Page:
I. On the chemical action of the rays of the solar spectrum on preparations of silver and other substances, both metallic and non-metallic, and on some photographic processes

@article{HerschelIOT,
  title={I. On the chemical action of the rays of the solar spectrum on preparations of silver and other substances, both metallic and non-metallic, and on some photographic processes},
  author={John Frederick William Herschel},
  journal={Philosophical Transactions of the Royal Society of London},
  pages={1 - 59}
}
  • J. Herschel
  • Physics
  • Philosophical Transactions of the Royal Society of London
1. Lest the title of this communication should induce an expectation of its containing any regular and systematic series of researches developing definite laws, or pointing to any distinct theory of photographic action, it may be as well to commence it by stating its pretensions to be of a much lower kind, its object being simply to place on record a number of insulated facts and observations respecting the relations both of white light and of the differently refrangible rays to various… 
Silver salts and standing waves: the history of interference colour photography
Gabriel Lippmann's interference colour photography is totally discussed today, but his ideas and technique were to prove essential for holography. The author describes first the aborted Newtonian
Luminescence and the Invention of Photography
Abstract The words of William Henry Fox Talbot, quoted in my title, come from his notebook ‘M’,1 which reveals that while he was engaged with inventing photography on paper in 1834–35, Talbot was
Spectroscopies and electron microscopies unravel the origin of the first colour photographs.
TLDR
A study of the silver nanoparticles dispersions contained in the coloured layers showed specific localizations and size distributions of the nanoparticles for each colour, which allowed the author to formulate a plasmonic hypothesis on the origin of the photochromatic images colours.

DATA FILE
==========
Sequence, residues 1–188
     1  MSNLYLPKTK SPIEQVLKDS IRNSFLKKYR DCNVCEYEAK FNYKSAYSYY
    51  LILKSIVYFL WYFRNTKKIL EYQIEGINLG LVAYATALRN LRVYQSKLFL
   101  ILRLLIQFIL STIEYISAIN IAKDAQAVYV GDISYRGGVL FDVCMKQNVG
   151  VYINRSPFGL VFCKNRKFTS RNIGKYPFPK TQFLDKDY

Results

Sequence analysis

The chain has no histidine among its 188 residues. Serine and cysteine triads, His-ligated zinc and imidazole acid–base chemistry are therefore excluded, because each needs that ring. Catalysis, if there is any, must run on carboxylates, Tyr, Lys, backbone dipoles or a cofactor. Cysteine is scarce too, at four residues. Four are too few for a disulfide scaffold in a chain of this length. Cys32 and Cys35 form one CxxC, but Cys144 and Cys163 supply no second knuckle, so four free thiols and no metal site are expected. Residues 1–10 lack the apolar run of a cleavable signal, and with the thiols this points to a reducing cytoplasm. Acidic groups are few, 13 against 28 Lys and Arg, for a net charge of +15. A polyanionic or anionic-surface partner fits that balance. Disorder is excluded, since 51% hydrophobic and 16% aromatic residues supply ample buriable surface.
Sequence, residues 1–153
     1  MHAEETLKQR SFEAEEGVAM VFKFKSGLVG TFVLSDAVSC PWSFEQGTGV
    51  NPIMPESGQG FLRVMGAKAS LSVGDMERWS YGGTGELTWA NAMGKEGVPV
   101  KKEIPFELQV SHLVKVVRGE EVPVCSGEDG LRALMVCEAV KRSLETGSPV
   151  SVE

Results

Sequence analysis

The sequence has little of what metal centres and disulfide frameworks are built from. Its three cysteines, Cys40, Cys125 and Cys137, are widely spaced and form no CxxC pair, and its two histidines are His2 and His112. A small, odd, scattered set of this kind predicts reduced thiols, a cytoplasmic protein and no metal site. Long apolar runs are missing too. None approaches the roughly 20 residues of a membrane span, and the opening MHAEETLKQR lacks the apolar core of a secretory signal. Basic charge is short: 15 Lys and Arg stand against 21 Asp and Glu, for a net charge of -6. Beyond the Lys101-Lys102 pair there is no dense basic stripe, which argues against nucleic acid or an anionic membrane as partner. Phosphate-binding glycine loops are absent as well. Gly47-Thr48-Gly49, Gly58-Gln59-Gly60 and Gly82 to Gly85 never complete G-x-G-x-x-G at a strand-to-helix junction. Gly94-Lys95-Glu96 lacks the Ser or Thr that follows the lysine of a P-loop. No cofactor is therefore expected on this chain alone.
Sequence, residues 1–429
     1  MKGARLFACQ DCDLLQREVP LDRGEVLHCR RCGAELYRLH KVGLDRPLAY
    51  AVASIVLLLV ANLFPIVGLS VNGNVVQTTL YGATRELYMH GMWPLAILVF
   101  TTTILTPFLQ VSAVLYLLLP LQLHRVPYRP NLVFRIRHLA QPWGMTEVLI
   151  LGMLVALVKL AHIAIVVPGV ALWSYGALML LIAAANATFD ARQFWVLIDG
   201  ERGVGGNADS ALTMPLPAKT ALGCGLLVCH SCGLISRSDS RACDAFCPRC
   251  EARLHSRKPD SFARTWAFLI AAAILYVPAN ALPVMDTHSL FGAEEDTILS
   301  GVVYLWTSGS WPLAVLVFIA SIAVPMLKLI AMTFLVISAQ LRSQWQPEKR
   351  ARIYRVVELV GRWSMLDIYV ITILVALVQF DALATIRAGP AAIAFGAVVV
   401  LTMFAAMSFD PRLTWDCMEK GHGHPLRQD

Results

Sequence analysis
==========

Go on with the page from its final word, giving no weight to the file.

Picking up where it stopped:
Some turning-points in infra-red history
The address covers significant advances from the earliest work, by William Herschel, to the development of detectors in the past decade which bridge the gap between light waves and radio waves. The
Sir John Herschel's 1839 Royal Society Paper on Photography
Abstract Abstract The original manuscript of the previously unpublished full text of Sir John Herschel's 14th March 1839 paper to the Royal Society has been located by the author and is published
“Impressions of Plants Themselves”: Materializing Eco-Archival Practices with Anna Atkins's Photographs of British Algae
Three ghostly white plants float suspended atop the Prussian-blue background of a 27 x 21 cm print (fig. 1). Their leafy fronds are so exquisitely fine that in some places the blue bleeds through
Latent Developments from Gallic Acid, 1839
AbstractWith his fourteenth preparation of photosensitive material probably made in the first week of February 1839, John Herschel introduced gallic acid into photographic science. His “hopes of the
From Leipzig to Harvard – Knowledge transfer in early UV‐spectroscopy
In their seminal review of physics research around 1900 [1], Forman, Heilbron and Weart observed that “men of independent means with private laboratories, and the occasional engineer or industrial
...
...